The Great High Priestly Prayer of the Lord Jesus Christ in John 17
Prayer • Sermon • Submitted • 1:10:42
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The Gospel of John, Chapter 17, also records our Lord’s prayer life, particularly His Great High Priestly Prayer, when he made intercession for His disciples and for all believers throughout the church age.
His prayer was for them to be protected, sanctified, and unified, and for His Father to be glorified.
This was our Lord’s longest recorded prayer, which occurred during His public ministry on earth and was offered in the presence of His apostles, after the institution and celebration of the Lord’s Supper, immediately following the Upper Room Discourse recorded in John 14-16.
Most consider the “Lord’s Prayer” the prayer Christ taught His disciples at the Sermon on the Mount but this Great High Priestly Prayer is truly the “Lord’s Prayer.”
In John 17, the veil concealing the Holy of Holies is drawn aside, and we are admitted with our Great High Priest into the “holiest of all.”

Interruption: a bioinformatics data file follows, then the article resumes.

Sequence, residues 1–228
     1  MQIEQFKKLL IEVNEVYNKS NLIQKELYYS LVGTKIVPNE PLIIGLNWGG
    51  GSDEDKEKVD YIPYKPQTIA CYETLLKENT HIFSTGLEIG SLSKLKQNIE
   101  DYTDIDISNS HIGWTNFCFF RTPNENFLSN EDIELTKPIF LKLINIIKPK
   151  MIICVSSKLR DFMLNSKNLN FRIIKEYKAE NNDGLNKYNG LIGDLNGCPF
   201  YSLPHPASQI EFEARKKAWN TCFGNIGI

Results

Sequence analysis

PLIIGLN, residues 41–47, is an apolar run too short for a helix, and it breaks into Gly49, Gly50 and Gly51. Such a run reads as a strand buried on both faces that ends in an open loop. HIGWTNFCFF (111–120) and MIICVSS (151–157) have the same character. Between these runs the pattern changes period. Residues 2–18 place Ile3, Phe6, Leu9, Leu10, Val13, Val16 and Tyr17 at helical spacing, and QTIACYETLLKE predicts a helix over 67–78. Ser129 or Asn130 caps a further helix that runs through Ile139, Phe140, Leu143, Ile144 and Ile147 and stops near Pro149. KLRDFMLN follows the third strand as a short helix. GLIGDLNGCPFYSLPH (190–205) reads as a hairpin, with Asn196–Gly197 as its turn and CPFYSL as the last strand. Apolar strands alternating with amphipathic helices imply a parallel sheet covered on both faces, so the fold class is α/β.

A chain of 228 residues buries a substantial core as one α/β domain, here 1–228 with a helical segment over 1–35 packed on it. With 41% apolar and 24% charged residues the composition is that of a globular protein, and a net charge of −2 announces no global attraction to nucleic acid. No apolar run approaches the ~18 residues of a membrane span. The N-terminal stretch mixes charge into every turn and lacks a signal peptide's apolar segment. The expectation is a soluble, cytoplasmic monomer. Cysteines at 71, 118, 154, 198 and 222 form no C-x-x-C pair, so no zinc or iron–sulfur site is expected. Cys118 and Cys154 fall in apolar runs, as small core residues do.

Therefore, let us approach this passage with reverence and humility, doing as Moses did before the burning bush and removing our shoes because we are on holy ground.
The Great High Priestly prayer of our Lord in John 17 was audibly spoken before His apostles in order that they, as well as all believers throughout history and the angels, might get a glimpse of the wonderful fellowship that exists between the Father and the Son.
John 17, and our Lord’s Prayer, can be divided into three parts: (1) the Lord prayed for Himself (John 17:1-5), (2) the Lord prayed for His disciples (John 17:6-19), and (3) the Lord prayed for future believers (John 17:20-26).
John 17 teaches us four principles concerning our privilege as a child of God.
They include, (1) sharing His life (John 17:1-5), (2) knowing His name (John 17:6-12), (3) having His Word (John 17:13-19), and (4) sharing His glory (John 17:20-26). John 17 also reveals the three-fold burden of our Lord’s Prayer: (1) security of the believer (John 17:6-12), (2) sanctity of the believer (John 17:13-19), and (3) unity of believers (John 17:20-26).
John 17:1 Jesus spoke these things [John 13-16]; and lifting up His eyes to heaven, He said, “Father, the hour has come; glorify Your Son, that the Son may glorify You.” (NASB95)
“Lifting up His eyes to heaven” is a typical Jewish gesture of prayer, whether offered to God or idols (Ps 121:1; 123:1; John 11:41).